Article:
I recently encountered a thread on one of my favourite forums in which someone was asking for opinions on a Canon EOS-60D package he'd seen on ebay. This package included the 60D body and extras including three lenses including a battery, charger, flash cards, various filters and diopters, cleaning kit, tripod, and more. All of this was neatly photographed and posted for sale on Ebay by a vendor we'll call, in order to protect the guilty, Pretty Cheap Digital, based in New York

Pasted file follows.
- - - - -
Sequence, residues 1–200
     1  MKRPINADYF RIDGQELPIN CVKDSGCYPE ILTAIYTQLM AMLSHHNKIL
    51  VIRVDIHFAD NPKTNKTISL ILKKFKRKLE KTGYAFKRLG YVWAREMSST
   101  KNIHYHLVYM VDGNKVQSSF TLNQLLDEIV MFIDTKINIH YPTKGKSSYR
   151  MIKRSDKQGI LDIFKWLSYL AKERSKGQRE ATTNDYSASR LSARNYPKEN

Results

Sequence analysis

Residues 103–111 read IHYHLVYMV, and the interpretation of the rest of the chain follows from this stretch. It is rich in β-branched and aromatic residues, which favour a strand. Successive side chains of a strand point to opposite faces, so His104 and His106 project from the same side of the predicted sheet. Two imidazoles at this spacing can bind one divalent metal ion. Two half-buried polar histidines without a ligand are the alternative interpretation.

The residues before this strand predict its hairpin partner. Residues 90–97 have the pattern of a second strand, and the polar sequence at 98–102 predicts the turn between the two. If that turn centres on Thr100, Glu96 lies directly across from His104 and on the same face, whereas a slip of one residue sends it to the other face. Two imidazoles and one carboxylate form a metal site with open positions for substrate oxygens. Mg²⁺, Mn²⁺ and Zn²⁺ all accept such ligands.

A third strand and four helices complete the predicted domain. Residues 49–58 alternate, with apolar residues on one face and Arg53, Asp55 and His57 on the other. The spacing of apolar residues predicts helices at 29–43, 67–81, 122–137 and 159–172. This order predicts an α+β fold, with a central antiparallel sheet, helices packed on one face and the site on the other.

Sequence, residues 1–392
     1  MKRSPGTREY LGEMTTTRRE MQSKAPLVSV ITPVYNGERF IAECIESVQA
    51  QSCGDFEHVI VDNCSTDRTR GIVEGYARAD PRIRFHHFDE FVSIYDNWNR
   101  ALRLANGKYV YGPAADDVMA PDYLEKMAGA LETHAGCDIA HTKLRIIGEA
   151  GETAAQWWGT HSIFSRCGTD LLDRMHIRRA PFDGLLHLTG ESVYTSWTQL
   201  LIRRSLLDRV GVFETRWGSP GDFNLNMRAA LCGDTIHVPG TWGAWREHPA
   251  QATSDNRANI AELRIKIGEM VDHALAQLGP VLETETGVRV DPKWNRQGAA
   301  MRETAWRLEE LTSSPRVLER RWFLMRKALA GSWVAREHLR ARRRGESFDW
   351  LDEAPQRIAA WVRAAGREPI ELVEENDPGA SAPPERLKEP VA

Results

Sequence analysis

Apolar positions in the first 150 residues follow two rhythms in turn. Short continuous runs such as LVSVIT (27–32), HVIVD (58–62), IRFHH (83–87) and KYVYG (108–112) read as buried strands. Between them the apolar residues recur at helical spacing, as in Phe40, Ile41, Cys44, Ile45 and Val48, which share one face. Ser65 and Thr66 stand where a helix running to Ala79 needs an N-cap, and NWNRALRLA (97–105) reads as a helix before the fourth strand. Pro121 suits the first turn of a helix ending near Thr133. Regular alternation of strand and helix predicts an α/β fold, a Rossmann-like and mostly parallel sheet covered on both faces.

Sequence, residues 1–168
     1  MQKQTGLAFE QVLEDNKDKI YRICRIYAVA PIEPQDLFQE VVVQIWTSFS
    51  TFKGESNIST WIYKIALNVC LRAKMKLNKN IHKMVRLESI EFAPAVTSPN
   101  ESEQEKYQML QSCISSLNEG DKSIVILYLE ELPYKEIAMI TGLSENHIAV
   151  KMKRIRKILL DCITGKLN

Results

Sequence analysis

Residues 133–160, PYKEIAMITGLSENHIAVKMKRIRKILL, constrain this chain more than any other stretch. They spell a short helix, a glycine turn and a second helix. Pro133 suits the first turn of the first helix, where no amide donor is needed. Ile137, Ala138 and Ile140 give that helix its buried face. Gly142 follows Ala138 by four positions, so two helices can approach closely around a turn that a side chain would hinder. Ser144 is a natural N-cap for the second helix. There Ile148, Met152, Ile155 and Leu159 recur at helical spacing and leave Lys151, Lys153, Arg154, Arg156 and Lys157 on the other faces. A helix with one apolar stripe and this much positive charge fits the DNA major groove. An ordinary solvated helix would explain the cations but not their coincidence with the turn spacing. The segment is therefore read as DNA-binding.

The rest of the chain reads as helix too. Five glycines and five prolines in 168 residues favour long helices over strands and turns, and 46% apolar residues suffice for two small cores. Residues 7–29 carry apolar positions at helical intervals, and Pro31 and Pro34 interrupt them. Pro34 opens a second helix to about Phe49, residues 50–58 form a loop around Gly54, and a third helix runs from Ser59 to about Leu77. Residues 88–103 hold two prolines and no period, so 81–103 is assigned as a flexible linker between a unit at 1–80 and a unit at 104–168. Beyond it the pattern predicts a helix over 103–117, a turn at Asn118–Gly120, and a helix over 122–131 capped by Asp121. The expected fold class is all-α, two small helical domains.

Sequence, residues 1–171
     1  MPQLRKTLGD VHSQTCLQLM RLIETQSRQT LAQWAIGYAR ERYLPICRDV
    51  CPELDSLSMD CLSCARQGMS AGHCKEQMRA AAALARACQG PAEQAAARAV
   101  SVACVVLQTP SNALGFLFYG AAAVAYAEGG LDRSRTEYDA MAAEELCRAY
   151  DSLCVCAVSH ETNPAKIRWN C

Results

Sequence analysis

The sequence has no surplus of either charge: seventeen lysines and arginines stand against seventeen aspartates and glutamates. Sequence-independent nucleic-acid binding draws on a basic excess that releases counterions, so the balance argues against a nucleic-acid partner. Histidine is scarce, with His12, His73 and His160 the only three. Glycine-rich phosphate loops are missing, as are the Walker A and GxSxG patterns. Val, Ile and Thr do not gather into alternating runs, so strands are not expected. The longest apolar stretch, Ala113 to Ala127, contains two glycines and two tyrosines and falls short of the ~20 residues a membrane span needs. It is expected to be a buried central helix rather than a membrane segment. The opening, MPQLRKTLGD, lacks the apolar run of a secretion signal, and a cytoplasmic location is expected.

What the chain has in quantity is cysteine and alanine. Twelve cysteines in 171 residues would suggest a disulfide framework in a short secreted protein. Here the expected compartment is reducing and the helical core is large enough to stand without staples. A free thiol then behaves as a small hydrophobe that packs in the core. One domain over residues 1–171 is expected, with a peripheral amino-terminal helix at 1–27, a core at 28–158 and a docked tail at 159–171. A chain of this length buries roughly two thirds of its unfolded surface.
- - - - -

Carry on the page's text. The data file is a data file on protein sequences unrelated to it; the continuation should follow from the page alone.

Open Source software. Somehow, it makes sense: talented developers contribute to projects in their spare time and the result is often stunningly good software. So what about Open Source hardware? That's different, and it's far more difficult
Why do people put video from one of the world's top cameras on YouTube with the expectation that we can judge the quality of the material? Just to make it perfectly clear: video on YouTube is highly compressed.
We're replaying some of the best articles from 2012 in case you missed them the first time round. Today: What does "broadcast quality" mean these days by Phil Rhodes